Our training commands provide individual technical training in weapons and platform operations and maintenance. Our learning centers are positioned across the nation and are structured to focus on specific training supporting the warfighting enterprises. The Training Support Centers located in San Diego, Calif., Hampton Roads, Va. and Great Lakes, Ill. provide support to all Sailors in the region.

To meet current and future requirements, our training is developed in partnership with our customers – the Fleet.  Fleet representatives and community managers from Naval Personnel Command join us for reviews of curriculum, including via the Human Performance Requirements Review (HPRR) process. A HPRR is a comprehensive review of existing training against validated requirements involving systems and platforms as well as community or career management needs. This is just one way we work with the experts in the Fleet to enable readiness.

To support our Sailor’s career progression, we provide the enlisted advancement exams, and the Personnel Qualification Standards (PQS) and Rate Training Manuals that Sailors use to prepare for the exams. Much of the Navy’s leadership training is developed and coordinated through our training commands as well. Advanced education initiatives including voluntary education programs, enlisted education programs, scholarships, and graduate and advanced voucher programs which allow Sailors to earn college credits and degrees are part of our mission.

The high quality of our training is recognized by industry and civilian certifications for our graduates through the Navy Credentialing Opportunities On-line (COOL), the American Council on Education (ACE), and the Council on Occupational Education (COE). The United Services Military Apprenticeship Program (USMAP) is a formal military training program that provides active duty Navy, Coast Guard, and Marine Corps service members the opportunity to improve their job skills and to complete civilian apprenticeship requirements while they are on active duty. The U.S. Department of Labor provides a nationally recognized “Certificate of Completion” that gives veterans an advantage in getting civilian jobs when they have finished serving in uniform.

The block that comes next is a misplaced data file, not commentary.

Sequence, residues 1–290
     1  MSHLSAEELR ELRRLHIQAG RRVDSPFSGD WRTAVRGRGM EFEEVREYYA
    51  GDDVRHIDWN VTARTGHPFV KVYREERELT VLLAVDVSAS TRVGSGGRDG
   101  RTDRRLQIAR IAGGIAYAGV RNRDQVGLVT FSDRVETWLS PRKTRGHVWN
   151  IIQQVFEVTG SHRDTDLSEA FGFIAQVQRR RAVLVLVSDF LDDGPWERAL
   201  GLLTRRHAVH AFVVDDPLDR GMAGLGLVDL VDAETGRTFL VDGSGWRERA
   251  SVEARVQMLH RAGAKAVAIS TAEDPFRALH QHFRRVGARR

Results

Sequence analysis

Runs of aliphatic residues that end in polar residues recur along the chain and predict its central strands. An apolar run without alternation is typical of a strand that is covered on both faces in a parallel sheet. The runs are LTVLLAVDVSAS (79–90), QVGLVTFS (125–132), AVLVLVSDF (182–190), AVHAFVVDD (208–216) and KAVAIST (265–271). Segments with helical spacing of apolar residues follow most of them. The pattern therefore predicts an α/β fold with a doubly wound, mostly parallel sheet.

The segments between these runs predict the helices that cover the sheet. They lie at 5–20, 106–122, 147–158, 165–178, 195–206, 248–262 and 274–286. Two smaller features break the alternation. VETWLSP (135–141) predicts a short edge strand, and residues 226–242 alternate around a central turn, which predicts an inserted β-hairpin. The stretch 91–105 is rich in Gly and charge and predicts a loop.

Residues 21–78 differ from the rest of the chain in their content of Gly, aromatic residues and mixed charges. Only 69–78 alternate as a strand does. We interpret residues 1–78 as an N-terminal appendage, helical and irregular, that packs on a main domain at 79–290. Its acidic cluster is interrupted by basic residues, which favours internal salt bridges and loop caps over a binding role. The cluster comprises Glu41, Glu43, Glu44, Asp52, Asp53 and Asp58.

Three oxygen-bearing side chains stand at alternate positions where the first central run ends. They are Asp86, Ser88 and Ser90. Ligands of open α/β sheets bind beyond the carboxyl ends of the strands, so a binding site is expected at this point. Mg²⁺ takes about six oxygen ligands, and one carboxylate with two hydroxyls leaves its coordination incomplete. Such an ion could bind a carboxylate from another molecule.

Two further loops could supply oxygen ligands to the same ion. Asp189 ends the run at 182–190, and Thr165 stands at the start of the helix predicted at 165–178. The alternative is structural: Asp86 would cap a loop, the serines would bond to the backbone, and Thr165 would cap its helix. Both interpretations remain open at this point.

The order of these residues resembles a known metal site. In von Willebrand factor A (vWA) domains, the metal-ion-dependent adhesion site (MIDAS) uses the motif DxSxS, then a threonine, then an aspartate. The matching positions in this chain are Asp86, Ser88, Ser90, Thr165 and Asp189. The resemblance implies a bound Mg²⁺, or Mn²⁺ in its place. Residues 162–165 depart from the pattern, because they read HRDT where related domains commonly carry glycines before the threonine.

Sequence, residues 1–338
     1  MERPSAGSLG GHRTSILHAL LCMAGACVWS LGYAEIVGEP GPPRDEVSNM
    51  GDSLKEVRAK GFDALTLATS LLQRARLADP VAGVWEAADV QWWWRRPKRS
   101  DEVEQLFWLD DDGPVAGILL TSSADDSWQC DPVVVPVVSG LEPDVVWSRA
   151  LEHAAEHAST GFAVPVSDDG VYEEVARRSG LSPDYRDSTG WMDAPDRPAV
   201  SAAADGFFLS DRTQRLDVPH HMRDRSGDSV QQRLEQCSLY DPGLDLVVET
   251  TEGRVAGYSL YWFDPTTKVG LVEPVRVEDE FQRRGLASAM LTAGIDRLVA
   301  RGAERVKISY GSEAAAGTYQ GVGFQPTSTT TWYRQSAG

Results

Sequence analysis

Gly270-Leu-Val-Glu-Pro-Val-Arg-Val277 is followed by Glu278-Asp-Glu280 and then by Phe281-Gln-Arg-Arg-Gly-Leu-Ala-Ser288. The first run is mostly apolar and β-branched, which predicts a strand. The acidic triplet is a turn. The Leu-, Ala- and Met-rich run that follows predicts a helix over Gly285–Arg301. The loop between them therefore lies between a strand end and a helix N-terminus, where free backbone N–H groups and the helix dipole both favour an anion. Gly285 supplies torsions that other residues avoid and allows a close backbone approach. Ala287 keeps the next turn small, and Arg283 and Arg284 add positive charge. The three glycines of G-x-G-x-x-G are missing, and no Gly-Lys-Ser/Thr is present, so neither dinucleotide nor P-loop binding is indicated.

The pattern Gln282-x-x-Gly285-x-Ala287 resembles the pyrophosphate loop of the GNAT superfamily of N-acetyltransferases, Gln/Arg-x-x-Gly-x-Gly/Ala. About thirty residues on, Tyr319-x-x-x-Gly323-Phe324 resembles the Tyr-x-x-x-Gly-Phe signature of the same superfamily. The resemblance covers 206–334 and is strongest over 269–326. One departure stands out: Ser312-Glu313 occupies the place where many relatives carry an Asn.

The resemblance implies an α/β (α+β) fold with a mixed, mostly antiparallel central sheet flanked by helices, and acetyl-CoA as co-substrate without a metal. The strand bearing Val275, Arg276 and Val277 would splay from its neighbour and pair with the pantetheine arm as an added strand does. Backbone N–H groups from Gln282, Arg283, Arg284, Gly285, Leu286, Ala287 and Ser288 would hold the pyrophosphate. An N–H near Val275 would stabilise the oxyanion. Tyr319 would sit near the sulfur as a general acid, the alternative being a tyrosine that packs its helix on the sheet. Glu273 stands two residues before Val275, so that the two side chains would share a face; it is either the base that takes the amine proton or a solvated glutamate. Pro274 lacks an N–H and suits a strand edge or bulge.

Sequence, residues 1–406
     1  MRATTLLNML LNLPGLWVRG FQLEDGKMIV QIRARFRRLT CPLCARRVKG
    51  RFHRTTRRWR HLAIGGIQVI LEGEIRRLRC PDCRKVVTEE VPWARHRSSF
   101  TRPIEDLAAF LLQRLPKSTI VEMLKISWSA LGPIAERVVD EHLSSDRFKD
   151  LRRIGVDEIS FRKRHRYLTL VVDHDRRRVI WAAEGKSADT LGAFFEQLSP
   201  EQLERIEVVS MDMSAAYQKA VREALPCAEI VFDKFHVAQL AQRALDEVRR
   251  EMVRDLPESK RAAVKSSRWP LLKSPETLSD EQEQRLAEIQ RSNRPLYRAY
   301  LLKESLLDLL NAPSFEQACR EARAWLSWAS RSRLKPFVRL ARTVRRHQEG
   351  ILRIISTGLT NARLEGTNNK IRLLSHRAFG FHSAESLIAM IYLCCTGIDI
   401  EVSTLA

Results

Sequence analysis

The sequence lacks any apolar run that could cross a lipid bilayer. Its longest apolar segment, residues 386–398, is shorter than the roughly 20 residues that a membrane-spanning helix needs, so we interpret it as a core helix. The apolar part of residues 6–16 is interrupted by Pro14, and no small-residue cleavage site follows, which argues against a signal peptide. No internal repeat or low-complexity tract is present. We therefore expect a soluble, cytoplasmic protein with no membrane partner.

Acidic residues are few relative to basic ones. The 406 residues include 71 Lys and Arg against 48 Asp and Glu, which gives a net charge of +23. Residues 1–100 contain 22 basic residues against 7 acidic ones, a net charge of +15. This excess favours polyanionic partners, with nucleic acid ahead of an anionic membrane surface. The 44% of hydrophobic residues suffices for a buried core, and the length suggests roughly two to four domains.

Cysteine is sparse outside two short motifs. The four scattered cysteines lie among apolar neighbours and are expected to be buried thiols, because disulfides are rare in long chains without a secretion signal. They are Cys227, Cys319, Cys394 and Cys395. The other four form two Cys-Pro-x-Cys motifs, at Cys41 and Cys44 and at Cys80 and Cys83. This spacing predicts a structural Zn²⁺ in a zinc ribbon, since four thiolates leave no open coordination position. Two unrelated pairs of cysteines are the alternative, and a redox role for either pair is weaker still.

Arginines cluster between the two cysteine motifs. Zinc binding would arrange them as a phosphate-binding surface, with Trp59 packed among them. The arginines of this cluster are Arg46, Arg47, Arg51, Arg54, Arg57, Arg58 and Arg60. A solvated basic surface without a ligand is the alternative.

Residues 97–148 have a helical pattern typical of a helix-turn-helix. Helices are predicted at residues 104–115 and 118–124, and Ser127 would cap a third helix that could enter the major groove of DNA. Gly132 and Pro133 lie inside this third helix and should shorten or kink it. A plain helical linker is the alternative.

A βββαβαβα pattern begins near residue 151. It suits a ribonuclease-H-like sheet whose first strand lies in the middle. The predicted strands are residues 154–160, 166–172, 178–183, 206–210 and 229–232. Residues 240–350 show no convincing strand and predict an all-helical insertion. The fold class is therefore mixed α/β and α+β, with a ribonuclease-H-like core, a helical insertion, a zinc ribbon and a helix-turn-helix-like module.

I’m excited to be a part of the dynamic team here at NETC, and I want to share the excitement. Our vision is to be the global leader in the rapid development and delivery of effective, leading edge training for our naval forces. To achieve this vision, we will continue to work in partnership with the experts in the Fleet to identify training requirements and meet those needs by leveraging advanced technology to optimize the performance of our Sailors. If you are in a Fleet leadership position, come visit our training commands to see where YOUR Sailors learn their critical skills. Feedback about our training programs is crucial and we invite you to contact us through our Fleet Feedback link on our Web site to help us improve. I also ask that you talk to your Sailors about joining the NETC team as an instructor where they will personally influence the next generation of Sailors in the United States Navy.

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Quality Sailors = Fleet Readiness